With 15 minutes of daylight remaining, the deer finally made a move onto the field, covering 200 yards in just a matter of minutes. A doe was in the lead, then a smaller male, then the big boy. As he jumped the fence, Jaydee drew her bow on him and stopped him just as he walked into the first lane. “Fifty-six yards,” I whispered to Jaydee. The male was perfectly on his side and staring at the blind. A few seconds passed, which seemed like an eternity, and I thought to myself: Why hasn’t he shot?
“I can’t see my pins,” Jadee whispered.
He hadn’t taken into account the darkness inside the floor shutter. I figured our chances were up when the stallion turned and walked into the field. I was looking at my feet when Jaydee suddenly fired! I heard the unmistakable hit of an arrow as he hit the target, and I was practically in shock when Holly said, “She sure hit him!”
Jaydee explained that she had finally been able to see her sight, placed the 60-yard pin on the male, and fired. We basically had the whole family waiting and watching from a nearby road. Brian said they were able to see the deer when he ran off and lay down on a tall sagebrush, no more than 200 yards from the shutter. We are not sure of the location of the hit, we turned around an hour before going out with the lights to search.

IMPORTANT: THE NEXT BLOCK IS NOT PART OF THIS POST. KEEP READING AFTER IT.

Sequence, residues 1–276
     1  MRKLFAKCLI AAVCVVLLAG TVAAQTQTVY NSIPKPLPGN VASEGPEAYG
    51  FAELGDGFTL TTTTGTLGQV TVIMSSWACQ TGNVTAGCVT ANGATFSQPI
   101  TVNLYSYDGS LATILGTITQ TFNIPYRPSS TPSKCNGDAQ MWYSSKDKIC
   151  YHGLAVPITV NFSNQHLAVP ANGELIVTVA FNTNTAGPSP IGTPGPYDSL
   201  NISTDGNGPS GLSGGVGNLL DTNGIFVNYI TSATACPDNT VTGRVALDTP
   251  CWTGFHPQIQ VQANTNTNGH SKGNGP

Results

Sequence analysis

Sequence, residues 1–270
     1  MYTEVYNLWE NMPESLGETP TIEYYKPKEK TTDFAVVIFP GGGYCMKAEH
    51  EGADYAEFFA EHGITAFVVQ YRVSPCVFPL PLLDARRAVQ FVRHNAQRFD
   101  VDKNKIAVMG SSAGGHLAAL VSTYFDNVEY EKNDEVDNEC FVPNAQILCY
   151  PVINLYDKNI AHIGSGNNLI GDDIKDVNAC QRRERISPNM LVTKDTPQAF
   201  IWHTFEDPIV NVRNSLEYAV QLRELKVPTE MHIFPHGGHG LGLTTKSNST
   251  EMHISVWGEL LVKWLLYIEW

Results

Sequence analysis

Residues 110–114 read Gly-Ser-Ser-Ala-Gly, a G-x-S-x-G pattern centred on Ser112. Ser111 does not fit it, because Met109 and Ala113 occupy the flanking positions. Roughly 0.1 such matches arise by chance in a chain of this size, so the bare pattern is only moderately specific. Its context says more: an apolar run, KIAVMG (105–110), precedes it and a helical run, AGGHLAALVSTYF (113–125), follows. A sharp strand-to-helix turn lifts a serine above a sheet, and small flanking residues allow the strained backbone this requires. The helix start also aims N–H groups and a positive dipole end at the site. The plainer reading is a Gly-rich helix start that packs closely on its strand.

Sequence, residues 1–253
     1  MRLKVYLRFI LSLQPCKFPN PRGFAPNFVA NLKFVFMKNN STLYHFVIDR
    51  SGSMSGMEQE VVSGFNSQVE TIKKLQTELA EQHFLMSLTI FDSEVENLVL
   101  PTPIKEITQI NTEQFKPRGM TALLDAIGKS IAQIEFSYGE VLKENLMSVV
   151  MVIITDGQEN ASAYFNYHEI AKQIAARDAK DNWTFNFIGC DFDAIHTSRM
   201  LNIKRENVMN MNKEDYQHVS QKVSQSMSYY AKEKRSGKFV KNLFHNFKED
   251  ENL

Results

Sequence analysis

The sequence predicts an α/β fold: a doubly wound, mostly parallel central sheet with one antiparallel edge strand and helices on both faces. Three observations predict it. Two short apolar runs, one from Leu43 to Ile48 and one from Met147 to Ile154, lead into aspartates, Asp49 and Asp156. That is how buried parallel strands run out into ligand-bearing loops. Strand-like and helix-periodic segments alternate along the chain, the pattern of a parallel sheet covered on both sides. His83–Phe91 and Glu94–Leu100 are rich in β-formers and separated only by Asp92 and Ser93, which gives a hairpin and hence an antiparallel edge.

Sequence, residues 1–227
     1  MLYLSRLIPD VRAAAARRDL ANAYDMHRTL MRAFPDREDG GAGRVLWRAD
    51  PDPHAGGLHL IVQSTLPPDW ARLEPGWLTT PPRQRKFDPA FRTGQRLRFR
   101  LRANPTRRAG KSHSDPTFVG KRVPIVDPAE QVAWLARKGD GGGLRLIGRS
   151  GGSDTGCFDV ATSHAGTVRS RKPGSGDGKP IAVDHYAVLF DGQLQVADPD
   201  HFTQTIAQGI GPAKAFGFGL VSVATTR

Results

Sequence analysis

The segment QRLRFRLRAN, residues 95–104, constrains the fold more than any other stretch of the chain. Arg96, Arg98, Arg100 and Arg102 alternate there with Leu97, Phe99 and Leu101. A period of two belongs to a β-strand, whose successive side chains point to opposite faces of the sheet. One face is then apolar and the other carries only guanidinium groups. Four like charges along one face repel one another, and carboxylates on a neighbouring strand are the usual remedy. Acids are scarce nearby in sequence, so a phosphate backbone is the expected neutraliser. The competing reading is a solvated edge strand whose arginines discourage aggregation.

After a short run on the track, he was standing on the buck, howling and screaming like only a parent can when one of their children accomplishes something incredible. He made a great shot that dropped the ball quickly. As Jaydee and the others approached, I pulled out my phone and videotaped everyone’s reactions. Jaydee was so excited and she kept yelling, “Come on!” it was so impressive. I will never get tired of seeing all the excitement of everyone approaching perhaps one of the biggest dollars ever garnered by a woman, let alone a 12 year old girl with a bow and arrow.